Firefighter Suffers Second-Degree Burns Battling Blaze & Apparent Combustible Dust Explosion At Business

Crews from Monroe, Middletown and Franklin and Deerfield, Turtlecreek and Liberty townships were called to Deceuninck North America, 351 New Garver Road, just before 2 p.m. for a piece of equipment on fire.

By Michael D. Pitman and Denise G. Callahan and Michael D. Pitman

Staff Writers

MONROE — One of the three Monroe firefighters injured in a fire at a manufacturing business on New Garver Road remained hospitalized Wednesday night with second degree burns.

Fire Chief John Centers said the firefighter suffered burns to his face, head, neck and hands and has been admitted to the burn unit at Miami Valley Hospital.

“He’s doing OK,. He is in the burn unit, so he’s in the best place he can be,” Centers said. “They’re taking real good care of him and they’ll assess him over the next 24 hours and make a determination about (what) they want to do about his long-term care, whether they want to keep him there or let him go home. And then we’ll just kind of go down the recovery process from there.”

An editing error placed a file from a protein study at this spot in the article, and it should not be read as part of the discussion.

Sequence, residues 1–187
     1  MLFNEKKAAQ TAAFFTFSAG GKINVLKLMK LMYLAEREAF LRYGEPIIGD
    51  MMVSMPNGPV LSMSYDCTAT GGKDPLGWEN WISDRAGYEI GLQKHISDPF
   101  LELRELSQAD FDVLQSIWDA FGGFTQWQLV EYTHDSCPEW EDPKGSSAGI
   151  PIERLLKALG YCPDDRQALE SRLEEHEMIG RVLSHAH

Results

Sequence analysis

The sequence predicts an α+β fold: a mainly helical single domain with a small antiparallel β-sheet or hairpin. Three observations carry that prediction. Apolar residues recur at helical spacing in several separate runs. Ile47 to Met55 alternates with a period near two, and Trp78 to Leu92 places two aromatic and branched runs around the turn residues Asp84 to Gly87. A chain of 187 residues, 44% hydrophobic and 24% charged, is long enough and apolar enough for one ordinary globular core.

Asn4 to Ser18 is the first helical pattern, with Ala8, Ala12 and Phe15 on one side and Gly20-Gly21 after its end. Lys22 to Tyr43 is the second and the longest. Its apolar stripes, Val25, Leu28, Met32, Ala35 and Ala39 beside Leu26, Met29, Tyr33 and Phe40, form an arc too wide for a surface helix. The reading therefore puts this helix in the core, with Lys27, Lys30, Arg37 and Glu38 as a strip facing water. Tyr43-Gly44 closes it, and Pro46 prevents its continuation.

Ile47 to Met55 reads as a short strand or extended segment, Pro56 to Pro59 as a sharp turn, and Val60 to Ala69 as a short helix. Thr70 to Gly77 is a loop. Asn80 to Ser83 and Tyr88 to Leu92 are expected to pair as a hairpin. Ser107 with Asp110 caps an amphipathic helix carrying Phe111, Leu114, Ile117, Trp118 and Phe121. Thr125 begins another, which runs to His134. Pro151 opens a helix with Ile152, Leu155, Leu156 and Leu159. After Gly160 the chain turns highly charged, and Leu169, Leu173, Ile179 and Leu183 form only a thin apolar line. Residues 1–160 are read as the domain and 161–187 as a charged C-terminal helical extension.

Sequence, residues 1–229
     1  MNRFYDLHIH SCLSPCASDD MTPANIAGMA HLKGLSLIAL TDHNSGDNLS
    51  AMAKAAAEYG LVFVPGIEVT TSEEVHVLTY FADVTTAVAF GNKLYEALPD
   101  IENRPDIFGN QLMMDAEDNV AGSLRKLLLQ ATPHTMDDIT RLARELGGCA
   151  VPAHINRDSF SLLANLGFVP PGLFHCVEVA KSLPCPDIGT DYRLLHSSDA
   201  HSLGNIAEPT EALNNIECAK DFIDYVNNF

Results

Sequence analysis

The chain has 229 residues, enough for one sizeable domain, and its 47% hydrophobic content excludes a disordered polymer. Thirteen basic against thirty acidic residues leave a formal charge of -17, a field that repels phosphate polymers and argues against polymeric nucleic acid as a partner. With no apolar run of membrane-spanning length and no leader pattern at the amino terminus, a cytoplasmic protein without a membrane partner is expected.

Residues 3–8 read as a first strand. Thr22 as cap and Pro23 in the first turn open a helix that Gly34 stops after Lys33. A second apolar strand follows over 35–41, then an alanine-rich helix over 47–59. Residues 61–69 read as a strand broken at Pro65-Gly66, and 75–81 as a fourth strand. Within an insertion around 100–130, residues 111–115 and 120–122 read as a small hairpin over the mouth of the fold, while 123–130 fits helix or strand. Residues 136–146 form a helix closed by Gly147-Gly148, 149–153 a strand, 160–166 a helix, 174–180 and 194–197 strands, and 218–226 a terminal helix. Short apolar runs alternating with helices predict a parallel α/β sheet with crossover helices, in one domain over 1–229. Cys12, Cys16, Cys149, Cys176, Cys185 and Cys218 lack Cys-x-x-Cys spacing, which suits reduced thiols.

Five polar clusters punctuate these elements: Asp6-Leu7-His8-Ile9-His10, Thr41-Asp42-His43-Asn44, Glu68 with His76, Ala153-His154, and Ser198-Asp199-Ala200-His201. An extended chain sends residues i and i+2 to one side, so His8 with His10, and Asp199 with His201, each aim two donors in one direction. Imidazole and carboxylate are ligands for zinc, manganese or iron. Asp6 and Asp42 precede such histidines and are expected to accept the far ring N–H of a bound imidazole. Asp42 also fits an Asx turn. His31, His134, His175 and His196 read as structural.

The two other firefighters, who suffered hearing loss and headaches from the blast at Deceuninck North America, were released from Atrium Medical Center Wednesday evening. Centers said he could not release any names yet because not all of the family members have been notified.

The cause of the fire was not known Wednesday night, Centers said. A damage estimate was also not known, he said.

Centers said it’s expected the state’s fire marshal and the Occupational Safety and Health Administration will also investigate.

Crews were called at 1:51 p.m. Wednesday for a fire inside a 5,000-gallon tank that contained dried wood composite material at Deceuninck North America, 351 New Garver Road. The company produces windows and door systems, and decking and railings.

While attempting to extinguish the fire, Centers said “there was a dust explosion” that caused the three injuries. He said firefighters were attempting to remove the material, which was through a 2-1/2-inch pipe at the bottom of the tank.

“Dust that was created while they were pulling the dry material out found an ignition source and ignited,” he said.

The explosion didn’t cause any obvious structural damage, Centers said, but did displace a tank.

The fire took about three hours to extinguish and six other fire departments responded with mutual aid.

Source: The Western Star


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